Pessac-Léognan became its own appellation in 1987. It is well-suited to the production of red, white, and sweet Bordeaux wines, though this diversity requires growers to remain vigilant as the soils can be too warm for white wines and slightly too cool for reds.

This situation demands extreme care and attention to detail, making wines from Pessac-Léognan some of the highest quality in Bordeaux. Reds are supple, firm, and rich with blackberry notes, while whites are powerful, round, and lively with floral, fruity aromas.

Top Châteaux in Pessac-Léognan:
  • Château Haut-Bailly: Renowned for its elegant and balanced wines, Haut-Bailly's history dates to the 16th century and has consistently been a benchmark for quality.
  • Château Haut-Brion: One of the oldest and most prestigious châteaux in Bordeaux, Haut-Brion has been producing world-class wines since the 16th century and was the first château to introduce the concept of estate bottling.
  • Château La Mission Haut-Brion: Sister estate to Haut-Brion, this château has a history dating back to the 16th century and is known for its powerful and complex wines.
  • Domaine de Chevalier: With a history going back to the 18th century, Domaine de Chevalier is celebrated for its refined and long-lived wines, both red and white.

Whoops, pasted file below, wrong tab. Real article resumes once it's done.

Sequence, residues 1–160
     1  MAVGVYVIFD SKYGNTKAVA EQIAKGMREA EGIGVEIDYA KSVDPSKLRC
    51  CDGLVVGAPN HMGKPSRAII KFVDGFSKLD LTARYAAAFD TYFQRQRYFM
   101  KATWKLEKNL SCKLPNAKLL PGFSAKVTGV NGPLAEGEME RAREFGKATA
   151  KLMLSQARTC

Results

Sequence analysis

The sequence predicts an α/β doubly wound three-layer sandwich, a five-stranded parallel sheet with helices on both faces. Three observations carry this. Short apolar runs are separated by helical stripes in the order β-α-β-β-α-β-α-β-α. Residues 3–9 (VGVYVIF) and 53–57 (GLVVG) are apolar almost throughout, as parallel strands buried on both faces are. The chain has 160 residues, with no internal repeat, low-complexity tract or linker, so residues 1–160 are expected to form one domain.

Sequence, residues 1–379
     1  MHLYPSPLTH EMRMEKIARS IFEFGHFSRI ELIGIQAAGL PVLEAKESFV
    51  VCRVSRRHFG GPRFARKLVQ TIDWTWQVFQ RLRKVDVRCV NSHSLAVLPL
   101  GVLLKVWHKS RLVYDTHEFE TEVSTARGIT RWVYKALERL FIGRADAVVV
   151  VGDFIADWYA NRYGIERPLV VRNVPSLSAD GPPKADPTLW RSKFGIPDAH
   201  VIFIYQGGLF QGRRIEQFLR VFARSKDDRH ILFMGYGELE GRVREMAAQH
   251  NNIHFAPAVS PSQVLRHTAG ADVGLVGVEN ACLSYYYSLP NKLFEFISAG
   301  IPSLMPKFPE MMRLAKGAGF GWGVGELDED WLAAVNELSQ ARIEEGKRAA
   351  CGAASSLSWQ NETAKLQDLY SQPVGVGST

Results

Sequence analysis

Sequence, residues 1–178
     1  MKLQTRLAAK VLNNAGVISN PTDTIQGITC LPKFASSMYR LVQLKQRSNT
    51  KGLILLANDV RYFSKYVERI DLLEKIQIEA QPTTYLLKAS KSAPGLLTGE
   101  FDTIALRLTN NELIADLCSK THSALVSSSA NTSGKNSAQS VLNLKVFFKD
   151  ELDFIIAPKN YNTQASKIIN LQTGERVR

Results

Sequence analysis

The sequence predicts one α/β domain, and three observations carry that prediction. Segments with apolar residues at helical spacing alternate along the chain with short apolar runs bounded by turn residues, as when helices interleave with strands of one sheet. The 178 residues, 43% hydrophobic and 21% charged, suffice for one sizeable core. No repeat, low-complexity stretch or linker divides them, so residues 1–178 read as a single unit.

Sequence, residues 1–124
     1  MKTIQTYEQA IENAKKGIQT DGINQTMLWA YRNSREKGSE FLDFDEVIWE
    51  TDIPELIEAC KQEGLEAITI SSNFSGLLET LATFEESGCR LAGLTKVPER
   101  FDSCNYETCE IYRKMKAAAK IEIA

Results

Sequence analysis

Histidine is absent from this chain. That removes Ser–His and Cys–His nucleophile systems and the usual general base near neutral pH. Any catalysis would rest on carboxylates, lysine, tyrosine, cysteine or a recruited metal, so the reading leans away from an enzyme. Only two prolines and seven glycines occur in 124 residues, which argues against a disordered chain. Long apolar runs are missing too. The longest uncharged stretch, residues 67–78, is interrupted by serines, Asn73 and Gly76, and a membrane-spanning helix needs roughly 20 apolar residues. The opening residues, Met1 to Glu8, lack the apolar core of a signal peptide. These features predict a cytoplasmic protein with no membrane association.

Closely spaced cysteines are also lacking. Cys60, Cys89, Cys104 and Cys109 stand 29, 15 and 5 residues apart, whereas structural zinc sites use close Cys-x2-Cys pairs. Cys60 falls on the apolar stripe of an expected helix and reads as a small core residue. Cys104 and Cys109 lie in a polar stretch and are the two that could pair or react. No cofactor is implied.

Sauternes is a unique appellation in the Graves region, primarily producing sweet whites renowned for their intense fruity, floral, and vanilla aromas.

Located just 25 miles southeast of Bordeaux city, Sauternes has five communes, each with its unique terroir comprising chalk, limestone, sand, clay, gravel, and rolling hills aside steep elevations. It's the most expensive wine to produce in all of Bordeaux.

Top Châteaux in Sauternes:
  • Château Climens: Known as the "Lord of Barsac," Climens has been producing exquisite, sweet wines since the 16th century, prized for their elegance and longevity.
  • Château Guiraud: With origins in the 18th century, Guiraud is renowned for its rich, complex wines and commitment to organic viticulture.
  • Château Suduiraut: Dating back to the 15th century, Suduiraut is famous for its opulent and long-lived Sauternes.
  • Château d'Yquem: Arguably the most famous sweet wine producer in the world, d'Yquem has a history of excellence dating back to the 16th century and is the only Sauternes to hold the Premier Cru Supérieur classification.

Fine Wine Appellations on the Right Bank

While the Left Bank is famed for its gravelly soil, cool climate, and wines with high acidity, tannins, and immense ageing potential, the Right Bank is better known for soil rich in clay and limestone, warmer weather, and smooth, 'drink me now' wines – predominantly Merlot, as opposed to the Left Bank's dominant Cabernet Sauvignon.

The Right Bank provides an excellent jumping-off point for collectors looking to create a varied, diverse portfolio of Bordeaux wines. However, two appellations stand out for investment potential: